Once we were all tucked in for the night with the lights out, we heard our younger son, Gilbert tip toe out of bed and come into our room. “Pappi,” he said, “um, can you take the plant out of our room? I’m afraid. The plant may come eat me.” My husband has a rather laid back style. He often hesitates at the boys’ first requests, wanting to see if they are sincere in their questions or just chatting. But in the middle of the night when one of the boys say he’s scared, Maurizio knows to respond. He got out of bed, got the plant, put it in the kitchen and then put Gilbert back into his lower bunkbed. This morning Gilbert was up before dawn asking Pappi again if he could put the plant back in their room. The sun was out. I suppose it put courage back in the air.
We were doing our best to keep the boys’ fears at bay. But still we noticed Gilbert from one day to the next refused to enter water. And our older son, then 7 years old, suddenly displayed an acute phobia for elevators. Our throats caught our hearts one evening when Gilbert asked in the middle of dinner, “Mamma, if I die, are you still our mother?” We tried our best to camouflage the chemotherapy sessions with activities for the boys, anything to keep them out of ears’ range for the 2-3 day period that followed each session with frequent vomiting.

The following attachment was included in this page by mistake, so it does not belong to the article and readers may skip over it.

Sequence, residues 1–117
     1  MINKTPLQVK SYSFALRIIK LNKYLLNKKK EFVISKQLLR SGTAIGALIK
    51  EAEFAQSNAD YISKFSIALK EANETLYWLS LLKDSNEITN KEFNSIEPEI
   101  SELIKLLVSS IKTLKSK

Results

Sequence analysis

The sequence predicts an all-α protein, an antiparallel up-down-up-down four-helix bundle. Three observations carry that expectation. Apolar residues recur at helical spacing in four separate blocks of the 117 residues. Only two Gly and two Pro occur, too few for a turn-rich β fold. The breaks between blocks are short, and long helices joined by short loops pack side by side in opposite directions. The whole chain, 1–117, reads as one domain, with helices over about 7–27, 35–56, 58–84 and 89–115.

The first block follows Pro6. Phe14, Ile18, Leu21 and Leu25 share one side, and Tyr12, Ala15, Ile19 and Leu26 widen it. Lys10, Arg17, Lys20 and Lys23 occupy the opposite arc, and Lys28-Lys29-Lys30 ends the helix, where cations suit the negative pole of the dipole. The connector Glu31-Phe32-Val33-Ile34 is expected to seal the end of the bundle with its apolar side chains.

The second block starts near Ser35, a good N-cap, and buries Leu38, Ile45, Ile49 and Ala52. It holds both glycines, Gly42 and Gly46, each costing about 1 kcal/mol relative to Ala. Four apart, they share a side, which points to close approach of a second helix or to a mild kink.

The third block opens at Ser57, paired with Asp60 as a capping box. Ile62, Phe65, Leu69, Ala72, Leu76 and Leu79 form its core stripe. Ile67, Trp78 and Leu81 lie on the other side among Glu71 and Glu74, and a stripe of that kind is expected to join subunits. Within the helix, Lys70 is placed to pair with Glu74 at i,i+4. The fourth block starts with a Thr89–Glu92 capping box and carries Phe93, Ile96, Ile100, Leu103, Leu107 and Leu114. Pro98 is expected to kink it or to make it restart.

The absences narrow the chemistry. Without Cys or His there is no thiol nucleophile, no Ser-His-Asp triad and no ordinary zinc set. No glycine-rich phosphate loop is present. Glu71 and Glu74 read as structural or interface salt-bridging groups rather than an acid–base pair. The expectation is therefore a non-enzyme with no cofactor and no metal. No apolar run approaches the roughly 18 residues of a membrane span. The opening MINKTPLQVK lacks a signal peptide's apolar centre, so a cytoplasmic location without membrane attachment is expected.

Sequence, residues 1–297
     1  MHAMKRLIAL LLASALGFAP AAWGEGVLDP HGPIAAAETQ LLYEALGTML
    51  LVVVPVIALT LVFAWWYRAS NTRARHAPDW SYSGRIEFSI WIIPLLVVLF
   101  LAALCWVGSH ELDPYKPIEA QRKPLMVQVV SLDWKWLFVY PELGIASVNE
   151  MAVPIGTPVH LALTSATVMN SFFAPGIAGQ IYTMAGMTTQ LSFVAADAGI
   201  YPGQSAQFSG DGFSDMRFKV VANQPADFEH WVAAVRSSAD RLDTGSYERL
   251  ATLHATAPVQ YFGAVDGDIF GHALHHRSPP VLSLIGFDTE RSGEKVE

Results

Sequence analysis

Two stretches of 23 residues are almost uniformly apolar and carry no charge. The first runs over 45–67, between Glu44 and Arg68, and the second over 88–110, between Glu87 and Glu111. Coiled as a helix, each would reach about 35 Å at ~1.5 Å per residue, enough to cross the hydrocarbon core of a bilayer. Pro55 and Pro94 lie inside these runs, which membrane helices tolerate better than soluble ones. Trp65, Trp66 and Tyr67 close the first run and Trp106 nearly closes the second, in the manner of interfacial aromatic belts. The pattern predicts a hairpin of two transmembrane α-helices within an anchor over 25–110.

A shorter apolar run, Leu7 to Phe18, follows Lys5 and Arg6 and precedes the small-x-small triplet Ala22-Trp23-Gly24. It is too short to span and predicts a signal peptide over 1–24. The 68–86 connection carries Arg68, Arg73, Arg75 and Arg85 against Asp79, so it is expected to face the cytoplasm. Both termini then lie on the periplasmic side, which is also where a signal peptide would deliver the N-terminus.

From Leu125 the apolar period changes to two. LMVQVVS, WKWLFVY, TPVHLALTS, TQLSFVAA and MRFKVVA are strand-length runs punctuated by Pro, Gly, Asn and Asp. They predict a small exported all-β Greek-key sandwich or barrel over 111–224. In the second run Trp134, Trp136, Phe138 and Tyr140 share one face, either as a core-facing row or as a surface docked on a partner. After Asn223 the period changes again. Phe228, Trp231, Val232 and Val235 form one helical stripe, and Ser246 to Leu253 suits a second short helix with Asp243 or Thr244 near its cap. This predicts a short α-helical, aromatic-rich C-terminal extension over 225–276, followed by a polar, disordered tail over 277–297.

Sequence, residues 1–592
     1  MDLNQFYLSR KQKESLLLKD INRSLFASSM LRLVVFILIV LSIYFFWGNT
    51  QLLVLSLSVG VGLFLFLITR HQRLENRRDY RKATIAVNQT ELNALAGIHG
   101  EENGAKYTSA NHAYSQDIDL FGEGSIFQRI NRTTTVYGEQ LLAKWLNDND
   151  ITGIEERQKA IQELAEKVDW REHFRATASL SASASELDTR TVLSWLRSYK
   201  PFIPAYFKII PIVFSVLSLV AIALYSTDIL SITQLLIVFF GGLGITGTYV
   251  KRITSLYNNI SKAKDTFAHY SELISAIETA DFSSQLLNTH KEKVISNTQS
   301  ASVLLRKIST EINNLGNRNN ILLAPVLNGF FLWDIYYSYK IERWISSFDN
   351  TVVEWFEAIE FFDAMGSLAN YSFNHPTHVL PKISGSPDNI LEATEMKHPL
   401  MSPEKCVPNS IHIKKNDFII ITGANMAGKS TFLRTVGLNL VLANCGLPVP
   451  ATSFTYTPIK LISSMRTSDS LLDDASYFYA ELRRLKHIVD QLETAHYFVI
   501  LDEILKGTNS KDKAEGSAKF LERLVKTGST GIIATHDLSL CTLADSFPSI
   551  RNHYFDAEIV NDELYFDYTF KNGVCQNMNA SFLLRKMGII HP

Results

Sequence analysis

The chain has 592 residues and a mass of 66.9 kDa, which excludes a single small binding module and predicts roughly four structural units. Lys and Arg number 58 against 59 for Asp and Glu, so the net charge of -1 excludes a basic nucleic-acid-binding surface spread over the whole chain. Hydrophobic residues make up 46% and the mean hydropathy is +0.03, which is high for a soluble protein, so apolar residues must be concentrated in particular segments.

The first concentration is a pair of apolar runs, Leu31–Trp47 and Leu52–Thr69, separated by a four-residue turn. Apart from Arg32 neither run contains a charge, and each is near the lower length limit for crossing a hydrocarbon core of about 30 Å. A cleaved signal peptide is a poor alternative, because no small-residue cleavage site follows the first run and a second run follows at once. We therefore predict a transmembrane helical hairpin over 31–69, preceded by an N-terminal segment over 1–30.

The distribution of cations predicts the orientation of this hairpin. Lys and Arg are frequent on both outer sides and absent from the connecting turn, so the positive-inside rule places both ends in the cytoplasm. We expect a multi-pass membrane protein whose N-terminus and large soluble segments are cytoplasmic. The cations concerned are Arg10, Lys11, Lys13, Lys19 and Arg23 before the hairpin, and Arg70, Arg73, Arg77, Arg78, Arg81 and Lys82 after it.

I stepped out on the balcony. I knew how to select scarves that would hide my bare scalp but let the sun warm my head. The begonias needed pruning. The geraniums were filled with new leaves and looked ready to spout flowers. The cherry blossoms in the garden had mostly blown away. The tulips and daffodils were done for the year. All the roses looked healthy and ready to bloom. I smelled the star jasmine and wisteria in the courtyard. Spring was with me. Gilbert was in staring at the carnivorous plant. He seemed determined to study the object of his fear in hopes it would dissipate. I would follow his lead and do the same.